Millennials have unprecedented access to countless images and stories of barbarism that are posted, tweeted, and streamed around the web. To accept the premise that the cause for millennial inaction and disengagement is indecision, as Fine claims, is to concede that an entire generation is either callous or ignorant. Either they have managed to insulate themselves from the horrors visible everyday all across the internet, or they see the horrors and simply ignore them. But I am also unwilling to accept such an explanation for the generation’s  apparent lack of political engagement.

In the video of Mario Savio on the steps of Sproul Hall, he seems to stare into the face of the apparatus that he exhorted his peers to disrupt. His urgency and determination suggest a tangibility and proximity to the mechanisms of oppression that now feel out of reach. The technologies that once promised to bring the average person closer to the decision-making nexus of power have instead created an even greater distance between the government and the governed. Information about atrocities committed thousands of miles away has never been more readily available, and, at the same time, the tools to stop those atrocities have never been more unavailable—all we can do is watch. We become spectators to the brutal spectacle in which we play a role.

Social media’s political potential has proven terribly dissapointing when compared to what was promised by the triumphalism of tech-enthusiasts and think-tank idea-salesmen. A tweet can bring a mob to the gates of the capital, but Twitter cannot steer a social movement any more than a USB cable can—direction demands tangible political organization, motivation, and solidarity. Most reasonable millennials, I think, recognize this. But even those who do not remain frustrated by their inability to act. Disengagement is not the sign of indifference or indecision— but the symptom of impotence when set against billionaire businessmen and multinational corporations that almost always get their way. Even at Princeton, where proximity to the levers of power is closer than most other places, news of the next global outrage is greeted with a shrug. Angst-ridden, snarky tweets echo out into the already-sonorous social media void, filled with the clamor of everyone else’s causes of the day. Even buried in the hopeful posts on Facebook is the kernel of exasperation that comes with the demand to be realistic.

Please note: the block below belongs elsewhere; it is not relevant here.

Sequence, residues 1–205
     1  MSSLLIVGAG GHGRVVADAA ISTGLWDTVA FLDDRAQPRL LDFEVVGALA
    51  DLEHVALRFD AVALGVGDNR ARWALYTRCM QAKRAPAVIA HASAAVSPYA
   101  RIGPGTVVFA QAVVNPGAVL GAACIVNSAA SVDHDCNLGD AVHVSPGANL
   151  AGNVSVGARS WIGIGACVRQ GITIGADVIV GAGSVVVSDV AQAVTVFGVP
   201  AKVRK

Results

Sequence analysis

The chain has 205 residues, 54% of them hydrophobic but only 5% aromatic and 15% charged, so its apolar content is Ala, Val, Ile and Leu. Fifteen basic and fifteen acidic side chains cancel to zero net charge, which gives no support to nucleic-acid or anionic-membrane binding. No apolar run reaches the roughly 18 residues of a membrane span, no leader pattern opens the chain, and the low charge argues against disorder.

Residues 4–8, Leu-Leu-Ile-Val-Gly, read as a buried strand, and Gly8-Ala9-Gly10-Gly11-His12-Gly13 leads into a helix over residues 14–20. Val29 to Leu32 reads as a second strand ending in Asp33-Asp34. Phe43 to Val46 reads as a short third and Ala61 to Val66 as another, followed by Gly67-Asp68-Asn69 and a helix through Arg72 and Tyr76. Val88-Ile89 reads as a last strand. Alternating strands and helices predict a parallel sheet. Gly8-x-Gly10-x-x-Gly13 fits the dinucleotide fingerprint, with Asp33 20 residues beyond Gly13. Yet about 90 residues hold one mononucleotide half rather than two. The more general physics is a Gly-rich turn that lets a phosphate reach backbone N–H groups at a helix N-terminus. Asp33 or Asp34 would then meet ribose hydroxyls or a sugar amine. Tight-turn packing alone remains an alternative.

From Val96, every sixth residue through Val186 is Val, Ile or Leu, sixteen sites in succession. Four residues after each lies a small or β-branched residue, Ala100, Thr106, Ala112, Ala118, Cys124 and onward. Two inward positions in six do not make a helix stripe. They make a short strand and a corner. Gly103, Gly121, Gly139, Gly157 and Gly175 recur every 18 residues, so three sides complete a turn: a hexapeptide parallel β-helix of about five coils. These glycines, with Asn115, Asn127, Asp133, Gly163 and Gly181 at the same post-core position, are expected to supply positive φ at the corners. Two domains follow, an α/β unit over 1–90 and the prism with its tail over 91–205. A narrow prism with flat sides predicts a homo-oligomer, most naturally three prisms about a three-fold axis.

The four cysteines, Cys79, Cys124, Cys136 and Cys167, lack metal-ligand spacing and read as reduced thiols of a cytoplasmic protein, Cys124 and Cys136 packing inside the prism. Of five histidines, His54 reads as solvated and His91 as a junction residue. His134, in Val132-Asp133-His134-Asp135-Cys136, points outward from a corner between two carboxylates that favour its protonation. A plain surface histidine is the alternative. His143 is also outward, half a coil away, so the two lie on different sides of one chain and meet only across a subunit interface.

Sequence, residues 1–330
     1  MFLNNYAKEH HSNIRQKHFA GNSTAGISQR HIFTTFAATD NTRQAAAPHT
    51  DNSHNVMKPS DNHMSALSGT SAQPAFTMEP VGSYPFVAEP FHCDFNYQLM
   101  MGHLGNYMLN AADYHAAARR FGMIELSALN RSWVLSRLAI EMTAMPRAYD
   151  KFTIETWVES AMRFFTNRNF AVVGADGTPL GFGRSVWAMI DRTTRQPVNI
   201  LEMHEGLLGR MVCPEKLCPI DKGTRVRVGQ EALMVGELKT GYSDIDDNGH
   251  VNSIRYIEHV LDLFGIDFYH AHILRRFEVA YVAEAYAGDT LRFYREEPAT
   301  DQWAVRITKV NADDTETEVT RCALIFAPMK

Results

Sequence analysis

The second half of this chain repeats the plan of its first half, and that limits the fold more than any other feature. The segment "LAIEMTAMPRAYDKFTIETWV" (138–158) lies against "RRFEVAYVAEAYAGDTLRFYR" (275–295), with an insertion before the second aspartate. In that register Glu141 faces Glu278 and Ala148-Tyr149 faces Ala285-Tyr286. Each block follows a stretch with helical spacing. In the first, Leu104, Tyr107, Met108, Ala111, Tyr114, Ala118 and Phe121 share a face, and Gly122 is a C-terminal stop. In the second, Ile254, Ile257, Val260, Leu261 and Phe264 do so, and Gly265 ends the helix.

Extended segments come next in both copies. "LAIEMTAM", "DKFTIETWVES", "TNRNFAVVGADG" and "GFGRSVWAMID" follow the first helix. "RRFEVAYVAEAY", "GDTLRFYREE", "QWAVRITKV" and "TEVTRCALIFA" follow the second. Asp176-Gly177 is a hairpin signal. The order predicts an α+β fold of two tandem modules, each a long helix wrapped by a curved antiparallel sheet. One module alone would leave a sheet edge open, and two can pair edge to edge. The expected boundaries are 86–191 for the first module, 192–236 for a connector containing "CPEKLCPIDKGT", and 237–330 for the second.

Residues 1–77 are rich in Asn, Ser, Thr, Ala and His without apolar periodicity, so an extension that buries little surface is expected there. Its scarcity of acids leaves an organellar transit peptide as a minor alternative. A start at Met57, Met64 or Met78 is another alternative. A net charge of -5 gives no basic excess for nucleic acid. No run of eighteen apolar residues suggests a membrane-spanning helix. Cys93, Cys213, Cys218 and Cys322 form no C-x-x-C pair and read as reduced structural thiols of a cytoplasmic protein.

Millennials seem disengaged and passive not because we do not know what to think, but because we cannot do what we think should be done. Our ability to witness incredible violence occurring on the other side of the world corresponds to our inability to do anything about it. For Mario Savio and the student activists of the 1960s, the means and end were clear—end the war and segregation, by any means necessary. And while some fault them for libertine excess, at least they successfully mobilized themselves.

The activists of the 1960s had something very tangible to lose, something far greater than the fights over recognition and terminology that seem to pervade today’s activist communities. Unlike millennials, every young man faced the terrifying prospect of having to fight in an unjust war. Brave and tireless civil rights activists fought the Jim Crow laws that governed everyday life in the southern states. Viewed with historical hindsight, it seems that then, it was easier to see what needed fixing and what needed to be done. Today, it is more difficult. The gears of the machine are protected by surveillance devices, the wheels defended by drones, and all of the apparatus hidden behind a firewall.

Millennials have not grown indifferent to human catastrophes because they learned to recognize difference and accept what is foreign to them. Millennials’ alleged narcissism does not come from their unwillingness to hold strong opinions. Pluralism is not the problem. The problem is the scale of global injustice and its intractability. The gears of the apparatus have grown so big that even if we found them and tried to put our bodies upon them, it is unlikely that we could make them stop.


Josh Leifer is a sophomore studying economic history. He is particularly interested in issues of class, labor, and economic justice. Before enrolling in Princeton, he lived, learned, and taught for a year in Israel, where he was a member of All That’s Left, an anti-occupation collective. He continues to be involved in peace activism and recently ran a coexistence and dialogue program for Israeli Jewish and Arab youths. In his free time, Josh enjoys playing the bass.